The refugee policy hardens
A number of documents from the FDJP, reports (dodis.ch/11987 and dodis.ch/11991) and instructions (dodis.ch/11988) as well as the minutes of a conference of the cantonal immigration police authorities (dodis.ch/14255) explain the motives for the toughening of the asylum policy and how the measures were carried out.
A letter written by schoolgirls from Rorschach
In September 1942, a girls' class from Rorschach wrote a letter to the Federal Council, the aim of which was to protest against the refugee policy (dodis.ch/12054). The fact that this evolved into a big affair involving both von Steiger and Marcel Pilet-Golaz, Head of the FPD, brings to light the high tension that existed between asylum policy and public opinion (dodis.ch/12055, dodis.ch/47424 and dodis.ch/35365).
Jews in France
In 1942 also, Switzerland's diplomatic representatives protested against a series of measures undertaken by Vichy France. These measures were aimed at Jewish children having been placed in homes belonging to the Swiss Red Cross in France (dodis.ch/47420). The Federal Department of Foreign Affairs was also concerned by the fate of Swiss Jews in the occupied territories of northern France (dodis.ch/47454 and dodis.ch/47454).
From September 1943 onwards, Bern was aware of the existence of death camps
Other documents are also revealing of the authorities' amount of knowledge. Such is for instance the case of documents relating to the attempts made by Polish diplomats in Bern to smuggle Jewish refugees from the General Government to Latin America, in the Autumn of 1943 (dodis.ch/47624 and dodis.ch/11959). It becomes clear from a memo, that Rothmund, for instance, was informed of the existence of «death camps» (dodis.ch/11958, original in German).
The horrifying extermination of the Hungarian Jewry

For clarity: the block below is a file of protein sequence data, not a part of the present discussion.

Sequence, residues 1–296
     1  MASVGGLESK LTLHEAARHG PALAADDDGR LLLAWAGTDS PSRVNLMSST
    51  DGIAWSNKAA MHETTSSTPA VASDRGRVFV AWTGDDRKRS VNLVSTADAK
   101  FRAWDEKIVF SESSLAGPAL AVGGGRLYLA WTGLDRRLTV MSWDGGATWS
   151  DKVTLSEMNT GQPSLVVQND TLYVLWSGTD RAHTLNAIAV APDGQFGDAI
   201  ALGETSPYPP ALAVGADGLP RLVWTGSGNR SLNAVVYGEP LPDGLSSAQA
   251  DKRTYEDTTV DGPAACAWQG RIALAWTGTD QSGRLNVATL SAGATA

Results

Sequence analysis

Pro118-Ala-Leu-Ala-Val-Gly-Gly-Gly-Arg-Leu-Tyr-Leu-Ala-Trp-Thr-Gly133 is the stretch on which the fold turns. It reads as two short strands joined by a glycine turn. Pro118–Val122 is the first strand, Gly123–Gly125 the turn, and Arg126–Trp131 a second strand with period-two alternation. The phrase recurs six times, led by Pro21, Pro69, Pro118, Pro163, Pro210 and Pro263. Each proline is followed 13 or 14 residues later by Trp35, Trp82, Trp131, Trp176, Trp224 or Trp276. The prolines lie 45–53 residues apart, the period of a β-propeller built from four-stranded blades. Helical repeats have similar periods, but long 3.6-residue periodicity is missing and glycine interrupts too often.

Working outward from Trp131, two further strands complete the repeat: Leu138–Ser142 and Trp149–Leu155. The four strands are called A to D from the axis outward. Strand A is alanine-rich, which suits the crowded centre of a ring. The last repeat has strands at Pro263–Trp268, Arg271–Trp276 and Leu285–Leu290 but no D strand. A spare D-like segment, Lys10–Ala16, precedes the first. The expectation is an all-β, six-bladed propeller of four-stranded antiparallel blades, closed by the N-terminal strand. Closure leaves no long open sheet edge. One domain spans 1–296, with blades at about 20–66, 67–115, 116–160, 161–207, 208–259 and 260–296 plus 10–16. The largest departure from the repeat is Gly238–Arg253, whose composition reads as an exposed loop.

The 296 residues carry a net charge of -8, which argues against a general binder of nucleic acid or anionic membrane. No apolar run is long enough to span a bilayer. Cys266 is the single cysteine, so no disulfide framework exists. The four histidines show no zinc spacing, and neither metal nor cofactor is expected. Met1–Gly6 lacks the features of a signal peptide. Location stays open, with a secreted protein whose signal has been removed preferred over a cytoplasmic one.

In 1944, following the German occupation of Hungary, local Jews too felt the full impact of the Holocaust. The Church, the press, but also the wider Swiss public were horrified by «the extermination of the Jewish population of Hungary which [was] currently in process» (dodis.ch/11977, orginal in German, dodis.ch/11978, dodis.ch/47775 and dodis.ch/47828). Based on the reports of Jewish refugees, the authorities were already at this point in possession of detailed information on the concentration camp of Auschwitz-Birkenau (dodis.ch/11979).
Vice-Consul Carl Lutz's rescue operation
A series of documents provides insight into the activities of Carl Lutz (dodis.ch/47896, dodis.ch/14325, dodis.ch/14326 and dodis.ch/14327). Vice-Consul Lutz was the Director of the protecting-power department of the Swiss Legation in Budapest, which represented Great Britain's interests as well as those of the U.S. and twelve other belligerent states. In the Winter of 1944, going far beyond his mandate, Lutz provided passports and travel insurances enabling Hungarian Jews to emigrate to Palestine. In doing this, he saved tens of thousands of them from deportation to extermination camps.
Aid offered to concentration camps survivors
In the Spring of 1945, after the end of the war, a number of former concentration camp inmates, prisoners of war, deportees as well as forced labourers were hospitalised in Switzerland for their remission. Many of them considered Switzerland as a transit country on their way to Palestine or oversees (dodis.ch/48020, dodis.ch/48020, dodis.ch/48038, dodis.ch/1705 and dodis.ch/320). Regarding the temporary hospitalisation of the «Buchenwald children», the authorities were also torn between their «moral ideals» and the fear that it would be difficult to «get rid» of former concentration camp prisoners (dodis.ch/13, original in French, dodis.ch/1714, dodis.ch/2182 and dodis.ch/2183).